Do You Recommend What You Do As A Career Choice? Why?
"I would recommend that they try a lot of things out then try to see what they love to do. Whatever that is, that would be their career choice. Even if they change their path when they are 40 years old. As long as they try to keep in mind this is this what I love to do, and it could change again. That is what presents opportunities and that is what makes things exciting."
"You do have to worry about making a living. You do have to go to college and get a degree. In the process of doing that, keep in mind a degree plan and do it. If something else presents itself, follow that and do it with all you heart until something happens that tells you to change direction." "With all you heart" is the key in that statement.
"You can't tell where you are going to go. I didn't know what my business would be like now. I had a lot of questions from peers." Lars knew he had to follow his heart and intuition of what fit for him. "This is a viable business. I am making a good living at it. But I didn't know this business would exist beforehand when I started doing this in the 70's. The business kind of creates itself; kind of like the design process. It comes out of the surroundings and awareness of listening to your heart and other people. This is my impression; everyone will have their own. I didn't really evaluate this intellectually as a business in wondering how much money am I going to make. Though this is a valid tool after you know more about what you want to do and why you are doing it. If you make your decisions in life based on money and economics then you are probably not going to be happy. You can see a lot of examples of people who are wealthy but not happy. How do you want to spend your time on the earth?"
What Tips Might You Have For Someone New To The Medium? How Best To Develop Their Interest?
"If someone feels the urge to do this, go to work in a shop. Find out who is doing what. Get some art magazines, sculpture magazines and craft magazines and pour through them; see what workshops there are about this medium and try to expose yourself to the ones that appeal to you. Visit the artist; sit in on a class or workshop make yourself aware. Figure out how; intend to have what your goal is to happen." Lars did just that for himself when he wanted to meet Charles Moore and did so by enrolling in his graduate class. "It changed my life."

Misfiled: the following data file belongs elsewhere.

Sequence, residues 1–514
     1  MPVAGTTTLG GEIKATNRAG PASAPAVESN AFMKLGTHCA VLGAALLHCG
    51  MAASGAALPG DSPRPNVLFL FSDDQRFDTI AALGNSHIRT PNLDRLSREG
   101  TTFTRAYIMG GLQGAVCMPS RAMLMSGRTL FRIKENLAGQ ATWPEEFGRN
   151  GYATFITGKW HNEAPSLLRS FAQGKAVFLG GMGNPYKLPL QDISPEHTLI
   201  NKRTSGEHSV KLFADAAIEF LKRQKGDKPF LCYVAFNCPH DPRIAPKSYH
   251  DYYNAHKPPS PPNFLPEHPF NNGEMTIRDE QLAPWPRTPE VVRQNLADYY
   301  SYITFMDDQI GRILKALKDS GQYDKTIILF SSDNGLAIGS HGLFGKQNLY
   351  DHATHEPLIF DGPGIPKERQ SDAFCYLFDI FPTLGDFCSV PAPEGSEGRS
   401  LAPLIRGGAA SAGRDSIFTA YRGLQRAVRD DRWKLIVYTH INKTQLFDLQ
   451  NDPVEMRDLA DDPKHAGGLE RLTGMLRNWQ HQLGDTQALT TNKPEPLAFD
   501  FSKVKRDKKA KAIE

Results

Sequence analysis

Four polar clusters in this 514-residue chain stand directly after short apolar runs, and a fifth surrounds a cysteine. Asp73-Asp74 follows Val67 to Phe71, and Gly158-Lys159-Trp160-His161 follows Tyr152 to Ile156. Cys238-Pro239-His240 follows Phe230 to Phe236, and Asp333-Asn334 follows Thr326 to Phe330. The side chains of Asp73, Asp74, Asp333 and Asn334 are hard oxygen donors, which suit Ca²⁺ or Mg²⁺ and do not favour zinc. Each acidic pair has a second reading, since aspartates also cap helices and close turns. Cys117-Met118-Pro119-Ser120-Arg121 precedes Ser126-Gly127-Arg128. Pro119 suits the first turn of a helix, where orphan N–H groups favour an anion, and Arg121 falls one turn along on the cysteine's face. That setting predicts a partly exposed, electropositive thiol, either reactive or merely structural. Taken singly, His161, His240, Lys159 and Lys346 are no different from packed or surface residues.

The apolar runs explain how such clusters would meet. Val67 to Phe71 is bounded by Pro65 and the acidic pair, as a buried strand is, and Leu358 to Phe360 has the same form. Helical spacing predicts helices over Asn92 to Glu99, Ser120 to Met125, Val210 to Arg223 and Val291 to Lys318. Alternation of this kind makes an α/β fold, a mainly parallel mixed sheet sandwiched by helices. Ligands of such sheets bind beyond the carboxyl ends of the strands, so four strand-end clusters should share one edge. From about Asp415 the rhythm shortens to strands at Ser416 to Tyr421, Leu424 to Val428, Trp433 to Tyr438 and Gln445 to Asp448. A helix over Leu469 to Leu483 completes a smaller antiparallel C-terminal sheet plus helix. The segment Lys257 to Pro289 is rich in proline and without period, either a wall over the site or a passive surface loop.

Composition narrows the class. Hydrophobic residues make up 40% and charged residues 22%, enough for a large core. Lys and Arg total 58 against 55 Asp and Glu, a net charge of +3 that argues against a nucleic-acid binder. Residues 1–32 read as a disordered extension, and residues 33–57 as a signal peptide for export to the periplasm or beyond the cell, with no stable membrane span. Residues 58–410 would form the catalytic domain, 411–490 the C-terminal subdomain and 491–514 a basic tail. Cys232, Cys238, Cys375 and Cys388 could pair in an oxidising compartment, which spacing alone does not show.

Please Point Out Any "Green" Aspects Of Your Process And Your Medium.
"Green meaning in harmony with the earth is something I have really focused on in my work. I see craft as being an art totally capable and integrated or expressed in green principles or sustainable design."
Lars has been picked by the City of Austin to help evaluate their project guidelines within the current Green Builder Program for a goal of obtaining consistent results.
"Western society addresses it in the more intellectual aspects of it by suggesting we use certain materials to not, for instance, use up a lot of BTU's (British Thermal Unit, or amount of energy) to extract from the earth principles like that." "Those are very important, but I think art deals with these other principles that are just as important. You tend to ignore them, unless you are an artist. How do you wake up and greet the world? What things do you have around you? What kind of energy do they produce in you? Art deals with that."
"If you are an artist and you are creating these pieces that move people, then you are creating this beneficial energy which is the overall objective of green efforts. The end result is to create a world we want to live in. That concept is assisted immensely by artwork. It makes you feel like you are glad to be alive. That is the essence of sustainable design dealing with the sun, dealing with light coming into a building. That is understanding another aspect of nature and how you deal with the heat and light of the sun; how it affects the economics and how much energy it uses to cool to space or to light it. It translates directly whether it is artwork or sustainable architecture."
Please Talk About Making Multiples Of A Creative Effort As A Part Of Your Business.